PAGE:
Document 35 Żegota appeals for funds to rescue Polish Jews

This letter, composed 12 May 1943, reflects the difficulties faced by the underground Council for Aid to Jews in Warsaw in procuring the necessary funds for its activities. It is taken from the council's voluminous secret archive, which survived the war.

To the [Polish] Minister of Social Welfare, London:

The occupier’s murder of the country’s Jewish population, which is increasing daily and now reaching culmination, imposes ever greater and more difficult obligations ... for rescuing the remaining ... Jews and supporting active resistance units. In the fourth year of the war the Polish people have become so impoverished that, although we can demand that they give their lives to aid and hide hunted Jews ... it is impossible to demand ... material contributions ... The Council for Aid to Jews ... possesses so relatively few material resources received from the [underground authorities] that they represent only symbolic assistance in the face of the enormity of the demands and needs that mount each day. The Council ... has already requested the Polish government-in-exile ... to send it 6-8 million zl. per month if assistance is to be real and not a fiction. Unfortunately, so far the Council has received neither assistance nor a response.

The prime minister’s words ... about extending aid to the ill-fated Jewish population found a lively response here ..., but in order for documents to remain of large-scale humanitarian activity by the Polish population ... great amounts of funds are needed for establishing aid centres, for continuous and not merely haphazard assistance to the victims, for the inclusion of as many victims as possible, and for reaching wherever aid is needed, wherever it is still possible to release a person from the hands of the criminals.

Thus the Council for Aid to Jews ..., conscious of its obligations and responsibilities ..., asks you to intervene in this matter, to allocate the needed funds for this purpose, and to send the Council a response as quickly as possible. The Council’s future plans depend on this.

Warsaw, 12 May 1943

(Yad Vashem Archives, 06/48.10a)

Document 36 A plea to combat blackmail of Jews in hiding

This document from the Zegota archive, dated March 1943, was addressed to the leadership of the Polish underground.

The plague of blackmail carried out by criminal elements of society against Jews ... is already a mass phenomenon ...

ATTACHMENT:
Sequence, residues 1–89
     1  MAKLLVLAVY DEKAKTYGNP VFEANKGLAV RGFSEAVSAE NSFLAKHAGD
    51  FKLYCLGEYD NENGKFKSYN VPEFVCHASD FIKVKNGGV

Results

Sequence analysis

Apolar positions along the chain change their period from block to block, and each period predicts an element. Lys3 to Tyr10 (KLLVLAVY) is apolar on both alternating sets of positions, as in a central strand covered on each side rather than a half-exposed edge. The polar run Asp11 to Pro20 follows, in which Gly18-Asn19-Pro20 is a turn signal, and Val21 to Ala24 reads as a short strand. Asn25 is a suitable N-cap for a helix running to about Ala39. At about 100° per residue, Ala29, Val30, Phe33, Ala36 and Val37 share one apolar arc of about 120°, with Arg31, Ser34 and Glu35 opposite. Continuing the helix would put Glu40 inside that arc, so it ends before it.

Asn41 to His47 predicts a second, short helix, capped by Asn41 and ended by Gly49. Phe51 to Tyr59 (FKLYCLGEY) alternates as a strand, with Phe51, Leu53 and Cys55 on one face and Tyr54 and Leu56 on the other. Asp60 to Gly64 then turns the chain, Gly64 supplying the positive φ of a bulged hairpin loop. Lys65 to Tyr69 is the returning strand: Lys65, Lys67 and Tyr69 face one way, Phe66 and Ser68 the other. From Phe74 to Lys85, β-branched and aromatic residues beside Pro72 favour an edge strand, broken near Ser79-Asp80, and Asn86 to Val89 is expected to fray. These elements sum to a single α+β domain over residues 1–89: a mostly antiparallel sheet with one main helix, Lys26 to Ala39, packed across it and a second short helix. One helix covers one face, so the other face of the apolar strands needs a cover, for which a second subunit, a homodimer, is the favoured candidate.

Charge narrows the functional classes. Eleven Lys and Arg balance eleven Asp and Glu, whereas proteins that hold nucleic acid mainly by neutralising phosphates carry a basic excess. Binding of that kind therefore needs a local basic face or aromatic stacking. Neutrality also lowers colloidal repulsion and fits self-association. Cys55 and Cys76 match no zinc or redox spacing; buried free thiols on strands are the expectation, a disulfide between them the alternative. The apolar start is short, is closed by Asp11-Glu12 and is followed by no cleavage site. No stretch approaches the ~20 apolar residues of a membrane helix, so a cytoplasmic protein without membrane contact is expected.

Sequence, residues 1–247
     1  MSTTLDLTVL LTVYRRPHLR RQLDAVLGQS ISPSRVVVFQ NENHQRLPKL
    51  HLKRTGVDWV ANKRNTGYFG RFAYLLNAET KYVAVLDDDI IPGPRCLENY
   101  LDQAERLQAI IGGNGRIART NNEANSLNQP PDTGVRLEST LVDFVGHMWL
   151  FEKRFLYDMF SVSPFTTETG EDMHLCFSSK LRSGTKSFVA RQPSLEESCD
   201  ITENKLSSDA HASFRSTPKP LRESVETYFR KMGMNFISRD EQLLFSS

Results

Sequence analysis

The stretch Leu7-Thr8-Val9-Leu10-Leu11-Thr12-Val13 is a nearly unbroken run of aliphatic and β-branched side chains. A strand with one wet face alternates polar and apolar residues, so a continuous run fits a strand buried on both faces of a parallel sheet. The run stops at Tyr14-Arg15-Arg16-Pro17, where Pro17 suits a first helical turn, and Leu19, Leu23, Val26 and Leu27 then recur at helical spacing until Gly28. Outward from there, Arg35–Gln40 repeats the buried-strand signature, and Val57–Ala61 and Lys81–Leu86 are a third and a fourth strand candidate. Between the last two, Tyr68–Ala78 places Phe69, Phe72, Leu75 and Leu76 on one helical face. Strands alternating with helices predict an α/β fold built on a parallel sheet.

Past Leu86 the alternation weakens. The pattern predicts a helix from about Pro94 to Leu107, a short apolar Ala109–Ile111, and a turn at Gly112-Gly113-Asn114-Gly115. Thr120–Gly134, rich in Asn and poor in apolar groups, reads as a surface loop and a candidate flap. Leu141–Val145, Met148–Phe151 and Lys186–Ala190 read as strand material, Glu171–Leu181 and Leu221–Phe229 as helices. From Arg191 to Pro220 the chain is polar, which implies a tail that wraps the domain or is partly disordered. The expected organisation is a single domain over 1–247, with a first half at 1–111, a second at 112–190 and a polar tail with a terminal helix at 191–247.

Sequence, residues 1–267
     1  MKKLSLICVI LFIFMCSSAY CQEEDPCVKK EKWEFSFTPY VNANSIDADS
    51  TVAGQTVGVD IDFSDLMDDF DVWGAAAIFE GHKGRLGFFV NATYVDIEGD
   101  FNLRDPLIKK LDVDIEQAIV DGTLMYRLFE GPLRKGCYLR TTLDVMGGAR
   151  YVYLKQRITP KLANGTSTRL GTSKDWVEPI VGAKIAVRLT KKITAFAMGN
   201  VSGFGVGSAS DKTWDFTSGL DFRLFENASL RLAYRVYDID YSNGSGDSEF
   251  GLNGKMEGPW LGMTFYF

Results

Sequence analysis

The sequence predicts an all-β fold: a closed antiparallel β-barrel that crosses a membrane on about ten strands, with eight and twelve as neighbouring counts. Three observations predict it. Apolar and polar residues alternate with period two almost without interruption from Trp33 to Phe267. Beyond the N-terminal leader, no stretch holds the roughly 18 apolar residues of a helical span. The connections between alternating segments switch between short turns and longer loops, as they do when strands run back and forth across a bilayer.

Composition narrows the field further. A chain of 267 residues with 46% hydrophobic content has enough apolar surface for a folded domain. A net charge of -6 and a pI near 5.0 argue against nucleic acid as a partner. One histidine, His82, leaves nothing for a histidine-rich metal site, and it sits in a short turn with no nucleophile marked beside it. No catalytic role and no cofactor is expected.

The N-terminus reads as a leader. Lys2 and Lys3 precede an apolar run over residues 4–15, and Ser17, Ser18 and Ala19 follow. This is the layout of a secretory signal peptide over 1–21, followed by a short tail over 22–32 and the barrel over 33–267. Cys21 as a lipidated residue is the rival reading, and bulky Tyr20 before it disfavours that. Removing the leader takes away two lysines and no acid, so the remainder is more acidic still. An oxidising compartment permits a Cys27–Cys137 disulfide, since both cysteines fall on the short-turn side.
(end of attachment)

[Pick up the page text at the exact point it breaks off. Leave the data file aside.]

A determined struggle against this hideous practice of extorting and denouncing the victims of German terror is becoming the burning problem of the moment, and the condemnation of this disgraceful plague is a matter of our community's honour and self-respect.

The Aid Council Zegota, at its meeting on 25 [March 1943], decided to request of the government delegate:

  • 1 Publication and posting of death sentences against blackmailers that have already been carried out. Only street placards including the grounds for the sentences and a categorical admonition against other [such deeds] will create the necessary effect and bring real results. Only in this way will the broad mass of the populace realize that the government delegate regards blackmail as a capital crime ...
  • 2 Stepping up the active struggle against blackmailers by ... regularly assigning ... the death penalty. Such a decisive stand by state officials will undoubtedly bring the expected result and radically change the demoralizing state of affairs.
  • (Prekerowa, 1982: 370-371)

Document 37 Himmler comments on mass murder

From a speech to senior SS officers given by Himmler at Poznan, 4 October 1943

I ... want to speak to you ... of a really grave chapter. Amongst ourselves ... it shall be said quite openly, but all the same we will never speak about it in public ...

I am referring ... to the extermination of the Jewish people ... Most of you men know what it is like to see 100 corpses side by side, or 500, or 1,000. To have stood fast through this and ... to have stayed decent - that has made us hard. This is an unwritten and never-to-be-written page of glory in our history ... All in all ..., we can say that we have carried out this most difficult of tasks in a spirit of love for our people. And we have suffered no harm to our inner being, our soul, our character.